The Telegraph
Thursday , March 27 , 2014
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Screen to counter social evil

- Nagaland’s Rebecca produces film to protest ‘witchhunt’

Golaghat; March 26: A young film producer from Nagaland, Rebecca Changkija, is all set to release The Dark Secrets of Tonhi in Guwahati next month to send a message against killing of innocent people in the name of witchhunt.

The movie will be released in Guwahati on April 4.

A total of 80 people have been killed in Assam from January 2006 to February 2011 in the name of witchhunting, official records revealed. The number is increasing every month, with the latest incident being reported from Kokrajhar district where three members of a family, including two women, were killed. The Dark Secrets of Tonhi has been shot in Chhattisgarh, a state that is also plagued with such superstitions. “It’s a realistic movie based on true incidents where innocent women have been killed by branding them tonhi (as a witch is called in Chhattisgarh). It deals with superstition and the lives of the villagers who are still bound by old beliefs,” said Changkija.

“With 56 women killed in the last five months on the pretext of practising witchcraft, Chhattisgarh tops the chart in incidents related to witch-hunting in India. We have been trying to address this alarming issue through our film, which was shot at locations where incidents of witch-hunting have taken place,” she said.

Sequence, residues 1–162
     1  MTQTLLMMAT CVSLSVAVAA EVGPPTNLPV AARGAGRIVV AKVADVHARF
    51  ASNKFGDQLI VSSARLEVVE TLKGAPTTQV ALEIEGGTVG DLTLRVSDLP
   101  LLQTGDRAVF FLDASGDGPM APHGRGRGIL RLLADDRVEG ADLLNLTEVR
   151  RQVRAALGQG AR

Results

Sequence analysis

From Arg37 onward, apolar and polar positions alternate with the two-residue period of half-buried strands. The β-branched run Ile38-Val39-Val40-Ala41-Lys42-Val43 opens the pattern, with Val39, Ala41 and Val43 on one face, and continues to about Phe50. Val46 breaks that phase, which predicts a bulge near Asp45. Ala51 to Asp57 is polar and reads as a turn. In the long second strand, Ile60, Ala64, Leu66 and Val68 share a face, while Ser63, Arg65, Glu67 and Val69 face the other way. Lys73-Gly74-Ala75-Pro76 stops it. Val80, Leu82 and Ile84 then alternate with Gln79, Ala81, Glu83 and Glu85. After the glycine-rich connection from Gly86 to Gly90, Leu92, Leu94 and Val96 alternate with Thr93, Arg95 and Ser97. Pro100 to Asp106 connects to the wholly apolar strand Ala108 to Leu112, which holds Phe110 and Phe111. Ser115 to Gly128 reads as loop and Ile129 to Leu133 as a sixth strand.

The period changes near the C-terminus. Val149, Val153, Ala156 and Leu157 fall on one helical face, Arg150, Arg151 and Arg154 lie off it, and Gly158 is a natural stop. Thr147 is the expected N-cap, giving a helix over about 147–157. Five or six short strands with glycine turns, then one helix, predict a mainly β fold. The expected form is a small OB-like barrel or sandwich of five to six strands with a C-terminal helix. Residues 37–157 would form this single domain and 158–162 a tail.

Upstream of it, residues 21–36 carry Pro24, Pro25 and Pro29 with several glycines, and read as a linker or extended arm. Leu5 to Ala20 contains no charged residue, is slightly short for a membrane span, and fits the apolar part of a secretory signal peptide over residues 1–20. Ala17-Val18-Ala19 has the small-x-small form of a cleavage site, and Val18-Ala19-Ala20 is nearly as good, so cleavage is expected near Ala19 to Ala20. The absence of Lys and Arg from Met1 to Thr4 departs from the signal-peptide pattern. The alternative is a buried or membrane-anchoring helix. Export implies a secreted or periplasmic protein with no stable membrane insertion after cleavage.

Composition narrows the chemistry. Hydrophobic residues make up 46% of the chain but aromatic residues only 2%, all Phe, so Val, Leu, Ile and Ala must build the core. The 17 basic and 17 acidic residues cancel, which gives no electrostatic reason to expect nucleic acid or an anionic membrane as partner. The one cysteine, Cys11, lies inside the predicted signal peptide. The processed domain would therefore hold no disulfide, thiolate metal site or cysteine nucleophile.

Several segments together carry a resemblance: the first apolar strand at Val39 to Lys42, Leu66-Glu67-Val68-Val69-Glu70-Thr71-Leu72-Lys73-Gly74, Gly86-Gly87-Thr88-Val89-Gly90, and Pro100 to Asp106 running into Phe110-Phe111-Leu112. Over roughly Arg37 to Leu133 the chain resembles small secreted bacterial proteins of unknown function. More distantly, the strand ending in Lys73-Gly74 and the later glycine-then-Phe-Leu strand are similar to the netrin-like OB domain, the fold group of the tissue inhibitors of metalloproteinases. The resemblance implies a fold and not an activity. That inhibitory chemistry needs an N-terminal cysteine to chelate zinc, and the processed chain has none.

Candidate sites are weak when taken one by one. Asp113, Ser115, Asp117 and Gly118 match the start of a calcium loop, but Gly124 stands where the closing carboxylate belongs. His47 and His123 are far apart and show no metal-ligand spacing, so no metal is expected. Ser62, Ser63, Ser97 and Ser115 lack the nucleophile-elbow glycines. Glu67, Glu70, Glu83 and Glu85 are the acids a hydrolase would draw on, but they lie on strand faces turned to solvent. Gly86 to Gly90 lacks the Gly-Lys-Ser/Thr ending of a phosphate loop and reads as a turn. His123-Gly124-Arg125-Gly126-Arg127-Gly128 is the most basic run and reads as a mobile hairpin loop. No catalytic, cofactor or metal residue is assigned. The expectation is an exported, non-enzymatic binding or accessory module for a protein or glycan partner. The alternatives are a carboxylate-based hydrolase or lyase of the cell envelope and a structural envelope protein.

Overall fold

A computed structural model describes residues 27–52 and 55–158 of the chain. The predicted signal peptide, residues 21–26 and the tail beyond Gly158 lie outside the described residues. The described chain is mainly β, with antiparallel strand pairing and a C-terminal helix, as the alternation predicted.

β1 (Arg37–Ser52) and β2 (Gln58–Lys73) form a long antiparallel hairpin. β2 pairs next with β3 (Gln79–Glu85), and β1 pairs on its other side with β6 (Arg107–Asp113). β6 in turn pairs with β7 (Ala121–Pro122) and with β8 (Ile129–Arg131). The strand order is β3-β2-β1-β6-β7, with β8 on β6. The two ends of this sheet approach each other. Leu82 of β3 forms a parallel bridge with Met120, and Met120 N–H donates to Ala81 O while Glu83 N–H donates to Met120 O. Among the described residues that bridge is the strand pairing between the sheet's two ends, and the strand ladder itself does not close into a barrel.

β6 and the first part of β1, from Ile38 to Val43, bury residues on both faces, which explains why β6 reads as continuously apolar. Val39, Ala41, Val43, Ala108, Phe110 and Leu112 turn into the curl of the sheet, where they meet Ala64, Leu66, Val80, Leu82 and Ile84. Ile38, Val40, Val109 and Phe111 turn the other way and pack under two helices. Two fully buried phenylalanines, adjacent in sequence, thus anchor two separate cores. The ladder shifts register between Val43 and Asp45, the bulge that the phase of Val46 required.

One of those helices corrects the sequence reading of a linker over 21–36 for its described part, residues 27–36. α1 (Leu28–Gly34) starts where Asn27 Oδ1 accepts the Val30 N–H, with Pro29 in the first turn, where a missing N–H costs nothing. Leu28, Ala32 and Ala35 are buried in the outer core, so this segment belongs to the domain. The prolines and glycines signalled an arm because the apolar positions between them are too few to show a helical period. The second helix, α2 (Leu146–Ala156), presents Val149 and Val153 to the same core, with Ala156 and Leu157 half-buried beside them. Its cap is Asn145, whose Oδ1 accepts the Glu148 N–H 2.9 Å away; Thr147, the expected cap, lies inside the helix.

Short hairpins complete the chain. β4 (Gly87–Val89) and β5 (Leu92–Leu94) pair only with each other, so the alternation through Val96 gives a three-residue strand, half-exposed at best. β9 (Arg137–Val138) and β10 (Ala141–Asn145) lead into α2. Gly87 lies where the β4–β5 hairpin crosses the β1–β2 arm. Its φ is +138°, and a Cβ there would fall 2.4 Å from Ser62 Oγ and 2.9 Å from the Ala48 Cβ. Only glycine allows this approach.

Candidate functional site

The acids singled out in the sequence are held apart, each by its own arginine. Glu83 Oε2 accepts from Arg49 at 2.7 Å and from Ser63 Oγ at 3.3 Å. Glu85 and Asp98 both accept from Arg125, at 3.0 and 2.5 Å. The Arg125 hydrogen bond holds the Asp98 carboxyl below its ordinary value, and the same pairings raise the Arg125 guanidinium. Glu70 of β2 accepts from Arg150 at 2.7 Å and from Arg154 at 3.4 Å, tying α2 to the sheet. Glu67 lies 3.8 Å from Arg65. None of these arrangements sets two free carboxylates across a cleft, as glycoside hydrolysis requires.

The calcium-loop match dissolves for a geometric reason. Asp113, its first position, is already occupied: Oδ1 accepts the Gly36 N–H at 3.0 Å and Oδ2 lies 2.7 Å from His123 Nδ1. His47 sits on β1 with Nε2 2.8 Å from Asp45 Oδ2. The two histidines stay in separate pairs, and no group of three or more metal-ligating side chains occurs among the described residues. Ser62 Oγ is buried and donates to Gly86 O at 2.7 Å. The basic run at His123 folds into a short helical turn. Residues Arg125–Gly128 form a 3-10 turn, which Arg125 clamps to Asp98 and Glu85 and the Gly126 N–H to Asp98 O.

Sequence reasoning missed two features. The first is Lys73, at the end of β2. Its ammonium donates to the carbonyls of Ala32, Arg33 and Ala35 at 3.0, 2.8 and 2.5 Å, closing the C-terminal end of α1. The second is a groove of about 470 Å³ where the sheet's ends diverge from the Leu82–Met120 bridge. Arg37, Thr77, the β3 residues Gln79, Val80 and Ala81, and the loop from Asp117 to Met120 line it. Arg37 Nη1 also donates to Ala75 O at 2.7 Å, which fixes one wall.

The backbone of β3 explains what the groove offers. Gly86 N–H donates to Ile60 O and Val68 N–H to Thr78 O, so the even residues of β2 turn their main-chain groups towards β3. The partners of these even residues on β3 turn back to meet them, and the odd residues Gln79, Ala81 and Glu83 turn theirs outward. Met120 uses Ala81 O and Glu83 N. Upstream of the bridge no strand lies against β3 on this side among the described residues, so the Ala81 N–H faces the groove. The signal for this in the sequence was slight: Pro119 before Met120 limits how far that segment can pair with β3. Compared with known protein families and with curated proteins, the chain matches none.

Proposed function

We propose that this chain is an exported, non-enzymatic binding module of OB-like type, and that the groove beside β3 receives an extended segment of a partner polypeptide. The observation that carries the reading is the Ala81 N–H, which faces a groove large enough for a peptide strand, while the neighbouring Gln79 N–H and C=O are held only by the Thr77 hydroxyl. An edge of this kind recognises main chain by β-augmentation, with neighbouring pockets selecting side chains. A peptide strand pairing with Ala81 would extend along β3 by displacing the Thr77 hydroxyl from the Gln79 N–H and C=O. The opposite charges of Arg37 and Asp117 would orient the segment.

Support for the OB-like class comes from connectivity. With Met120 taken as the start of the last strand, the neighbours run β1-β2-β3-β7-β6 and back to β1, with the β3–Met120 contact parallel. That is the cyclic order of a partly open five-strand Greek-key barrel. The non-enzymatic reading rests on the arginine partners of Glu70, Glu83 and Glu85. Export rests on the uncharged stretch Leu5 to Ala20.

Changkija hails from Dimapur and is a fashion designer by profession. She went to pursue her dream in Mumbai six years ago and is currently running a production house, Find Studioz, there.

She has earned the distinction of being the first woman producer from the Northeast in Bollywood.

Changkija said the evil of witchhunting is prevalent in many parts of the Northeast, including Assam. Through this film she wants to create awareness against the practice and would be happy if the movie succeeds to make even a slight difference in society.

Written and directed by Shiraz Henry, the lead actors of the 110-minute film include Natassha Sikka, J. Brandon Hill, Alex Peters, Smita Siah, Priyanka Joshi and Rahim,supported by Apurva Shell, Bobby Rajput and Rahul Dani.

The Chhattisgarh government has enacted the Chhattisgarh Tonhi Atyachar (Niwaran) Act, 2005, to discourage this practice. It is the only state in India to have such an act.

Assam police have also launched an awareness drive against witch-hunts in the state’s remote areas under its Project Prahari.

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